This has been an all-trans action weekend. Full-on tranny. In your face trans-man. Shut yer tranny hole. Okay, not really, not so much trans. But a wee bit, petite trans.
I know I’m fixin’ta (as we say in Tejas) bust a bitch in the face if I don’t get some tranny respeck around here. What is up with people who see me, week after week, in the same motherfucking jernt, calling me “ma’am” or “Miss Sam” or “she?” Seriously, I have to have the same ridiculous conversation with the same people EVERY WEEK.
I have been the very model of trans-civility. I have gently corrected the people, or just observed, even, as they bit their tongue with a “D’oh!” and hung their head abashedly. I figured I didn’t need to shame anybody – we all seem to be plenty good at doing that for ourselves – and I understand first hand the difficulties of referring to me by my chosen gender. I forget too.
Here’s the thing: those who persistently mis-tag me haven’t known me for 40urkle years. They don’t have memories and events and experiences dating back to 1960murp of me as a girlchik, a woe-man. These people have known me for maybe two years, and now for nearly one of them I’ve been going by “he.” This obdurate refusal to acknowledge me on my terms sometimes seems deliberate and even passively aggressive, although I suspect it is mere self-absorption or laziness. It’s not that hard, people. It’s not, but it does mean paying attention to the world that doesn’t reside in your interior. Or in some cases, posterior.
My apologies. It’s been a rough morning. My friend Susan, after watching me get publicly “ma’amed” in front of 50 people today by someone who really, truly knows better, who even made a trans joke (either on my behalf or at my expense, depending upon how generous one is feeling), observed my stunned and rubicund expression and said “maybe now it’s time to get angry.”
Susan explained, “You’ve been so patient and great about letting everyone have their process with this, but maybe now it’s time to start correcting people that can’t ‘seem to remember.’”
I lowered my head, looked up at her and replied “It’s really hitting me today for some reason. It’s really pissing me off. I don’t know what to do; I don’t know what I need, and I don’t know what other people need to make this work.”
“I think being angry is okay now. I think it will help people remember,” she urged. “It’s completely appropriate to be mad.”
I’m sincerely grateful to know that – I don’t always have the maturity to understand when anger is appropriate and am thankful when others can validate this feeling. Plus, she’s a social worker, if you couldn’t tell, which somehow lends credence to her diagnosis.
My mind says “You’re failing. You don’t look like a man so why should anyone kowtow to your invisible party line?*” I don’t know how I could look any more manly than I do. I don’t have facial hair; my incoming foliage has been sparse, and committed to rather more outlier regions, like my ass-cheeks or my elbow. Yes, my elbow. Not both. Just one. Such is the random beauty of hormone therapy. I seriously have a patch of elongated monkey hair on my left forearm and elbow. It’s about a 2 inch square of arbitrary mammal signifier left unfettered. The thicket of my lower legs gets pants-cropped, by which I mean it’s so primate long, it gets pulled and snapped off by my clothing, perhaps in envy for its luxurious coverage.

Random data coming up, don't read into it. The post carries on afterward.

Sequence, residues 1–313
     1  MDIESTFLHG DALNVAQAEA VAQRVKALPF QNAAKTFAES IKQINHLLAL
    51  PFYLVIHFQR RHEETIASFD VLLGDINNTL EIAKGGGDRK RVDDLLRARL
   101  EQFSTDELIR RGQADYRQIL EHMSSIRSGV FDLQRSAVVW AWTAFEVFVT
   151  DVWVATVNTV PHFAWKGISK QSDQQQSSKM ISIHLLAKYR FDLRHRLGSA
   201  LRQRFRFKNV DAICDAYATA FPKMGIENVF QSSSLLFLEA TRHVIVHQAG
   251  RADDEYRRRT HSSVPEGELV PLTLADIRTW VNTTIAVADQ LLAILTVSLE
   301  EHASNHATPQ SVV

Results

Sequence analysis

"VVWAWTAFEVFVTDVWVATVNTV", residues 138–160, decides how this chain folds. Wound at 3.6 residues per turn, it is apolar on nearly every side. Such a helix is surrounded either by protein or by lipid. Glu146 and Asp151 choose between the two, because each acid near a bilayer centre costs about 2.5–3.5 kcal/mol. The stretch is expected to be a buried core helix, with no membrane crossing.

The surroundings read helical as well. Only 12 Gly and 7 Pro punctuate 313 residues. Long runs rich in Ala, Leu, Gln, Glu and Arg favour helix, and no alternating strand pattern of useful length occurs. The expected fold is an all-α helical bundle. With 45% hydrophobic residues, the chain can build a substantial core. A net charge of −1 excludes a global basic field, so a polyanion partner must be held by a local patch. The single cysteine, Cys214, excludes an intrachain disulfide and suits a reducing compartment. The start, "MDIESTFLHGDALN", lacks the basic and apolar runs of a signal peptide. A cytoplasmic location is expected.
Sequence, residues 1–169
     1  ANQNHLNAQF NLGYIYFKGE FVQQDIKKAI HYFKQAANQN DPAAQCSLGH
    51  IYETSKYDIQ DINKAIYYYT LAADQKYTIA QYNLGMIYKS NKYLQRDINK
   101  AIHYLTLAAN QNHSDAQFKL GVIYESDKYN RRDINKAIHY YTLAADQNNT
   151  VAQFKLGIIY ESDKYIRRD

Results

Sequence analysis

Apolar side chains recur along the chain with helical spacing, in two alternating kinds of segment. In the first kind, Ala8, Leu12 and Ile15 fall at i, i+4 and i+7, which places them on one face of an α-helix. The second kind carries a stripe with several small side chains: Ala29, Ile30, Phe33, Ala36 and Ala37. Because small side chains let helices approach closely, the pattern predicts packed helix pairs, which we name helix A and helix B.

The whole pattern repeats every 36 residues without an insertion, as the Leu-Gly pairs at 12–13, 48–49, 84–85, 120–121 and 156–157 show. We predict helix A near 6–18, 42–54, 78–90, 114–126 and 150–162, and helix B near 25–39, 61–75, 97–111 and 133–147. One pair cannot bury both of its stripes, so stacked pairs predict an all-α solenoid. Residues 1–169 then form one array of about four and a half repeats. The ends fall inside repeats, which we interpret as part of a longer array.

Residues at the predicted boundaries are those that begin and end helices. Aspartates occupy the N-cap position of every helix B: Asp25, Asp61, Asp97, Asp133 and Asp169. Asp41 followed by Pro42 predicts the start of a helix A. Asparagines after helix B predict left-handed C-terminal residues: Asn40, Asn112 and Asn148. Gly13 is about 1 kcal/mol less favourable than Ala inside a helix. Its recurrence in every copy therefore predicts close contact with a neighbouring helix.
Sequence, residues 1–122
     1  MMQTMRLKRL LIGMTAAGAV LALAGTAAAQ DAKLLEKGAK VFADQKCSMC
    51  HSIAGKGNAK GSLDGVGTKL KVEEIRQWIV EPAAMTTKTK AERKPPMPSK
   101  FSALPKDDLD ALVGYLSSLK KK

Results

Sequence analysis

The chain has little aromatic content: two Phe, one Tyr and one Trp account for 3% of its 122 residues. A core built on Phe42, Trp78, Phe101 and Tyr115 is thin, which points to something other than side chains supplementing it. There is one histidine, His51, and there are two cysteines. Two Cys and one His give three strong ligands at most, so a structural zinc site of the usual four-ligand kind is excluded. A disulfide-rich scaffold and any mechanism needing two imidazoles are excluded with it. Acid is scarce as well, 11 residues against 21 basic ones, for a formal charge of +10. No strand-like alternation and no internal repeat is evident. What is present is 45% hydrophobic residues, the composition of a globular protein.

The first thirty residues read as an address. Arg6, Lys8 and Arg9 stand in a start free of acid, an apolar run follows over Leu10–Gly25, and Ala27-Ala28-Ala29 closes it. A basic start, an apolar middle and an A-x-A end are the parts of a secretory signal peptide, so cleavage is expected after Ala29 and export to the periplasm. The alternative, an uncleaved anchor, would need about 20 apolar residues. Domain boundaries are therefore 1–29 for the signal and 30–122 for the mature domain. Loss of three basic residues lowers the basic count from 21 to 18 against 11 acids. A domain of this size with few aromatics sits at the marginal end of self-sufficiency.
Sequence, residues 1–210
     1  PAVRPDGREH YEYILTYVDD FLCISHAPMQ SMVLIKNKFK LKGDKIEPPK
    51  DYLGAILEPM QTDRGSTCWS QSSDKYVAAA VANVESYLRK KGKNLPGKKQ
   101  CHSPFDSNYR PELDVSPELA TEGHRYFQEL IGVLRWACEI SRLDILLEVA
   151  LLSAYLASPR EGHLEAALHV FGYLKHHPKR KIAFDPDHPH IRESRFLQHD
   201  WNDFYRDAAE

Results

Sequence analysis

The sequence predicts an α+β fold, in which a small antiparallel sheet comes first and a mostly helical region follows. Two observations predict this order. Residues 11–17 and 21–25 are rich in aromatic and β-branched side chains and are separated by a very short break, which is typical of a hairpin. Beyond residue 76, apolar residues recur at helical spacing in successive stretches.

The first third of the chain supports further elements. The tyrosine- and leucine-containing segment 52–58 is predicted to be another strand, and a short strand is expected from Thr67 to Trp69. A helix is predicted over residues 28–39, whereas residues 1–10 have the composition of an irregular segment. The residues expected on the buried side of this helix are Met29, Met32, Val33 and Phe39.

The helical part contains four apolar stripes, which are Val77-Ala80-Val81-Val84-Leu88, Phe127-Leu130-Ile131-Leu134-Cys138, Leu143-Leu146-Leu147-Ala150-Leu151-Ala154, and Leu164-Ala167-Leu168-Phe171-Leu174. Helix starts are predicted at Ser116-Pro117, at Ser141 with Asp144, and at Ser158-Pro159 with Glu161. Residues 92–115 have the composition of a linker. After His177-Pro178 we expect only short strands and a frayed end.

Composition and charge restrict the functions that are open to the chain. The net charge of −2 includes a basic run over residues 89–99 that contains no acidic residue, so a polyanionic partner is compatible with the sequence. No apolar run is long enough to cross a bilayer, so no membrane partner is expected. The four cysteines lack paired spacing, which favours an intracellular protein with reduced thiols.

No such thicket resides on my face. Yet. It’s only a matter of time. I wear men’s clothing, my voice is as deep as many a man’s I know; my gestures are neutral to spastic and I’m not sure what gender that reads as. Sure, there are the boobs, but as my big trans-brother observed yesterday, “You’re kind of okay there, now it’s winter. Big ol’ sweatshirt and who knows the diff? Spring’s gonna be hard….” he predicts wistfully.
The bottom (surgery) line is this: when someone asks to be called a thing - a new name, a new gender – it is proper etiquette to respect that. It’s the civilized thing to do. One doesn’t question; one acts politely. It doesn’t matter if I am sporting 3mm worth of lip gloss and a Farrah do, atop an off-the-shoulder peasant blouse and knee high stiletto boots: if I ask you to call me “he” it is gracious and correct to do so. After all, what’s your investment in this? It makes you uncomfortable? Eight years of George Bush made me uncomfortable but did I take it out on my Republican friends? Don’t answer that.
My transguy coffee date relates that his lesbian ex refuses to call him by his name. She will only call him his former lady-name. There’s something distinctly, wrong-headedly lesbian about that – it’s like when the lesbians were hating on the bisexuals. Why are lesbians hating on anybody? You know I’m speaking from personal experience here: why were “others” always so threatening?
Well, for me it spoke to my immaturity, my ungenerous spirit. I needed a rock to stand on, certainty, and if that rock was your back, and your face was underwater, well then so be it. Just don’t move.
Certainty is still my little mind killer. I’m always looking for stability, stasis even, for a predictable, secure outcome if it guarantees that I’m not alone and not scared. And the truth, The Truth, THE TRUTH is there’s simply no such thing. I can pine and long and suffer all the do-da-day and I do, often, but those things which gave me comfort mutate and change like a new trannyman on testosterone.
Will I be forgiving and compassionate then, to those acquaintances who consistently fail to “he” me, for whom my transition is evidently a challenge to their personal hegemony? If all things are mutating and changing, then yes, perhaps I will forgive out of compassion, because I will become forgiving and compassionate. I believe this to be possible. But for now, for today, I’m freakin mad.
*should it be "kowtoe a line?"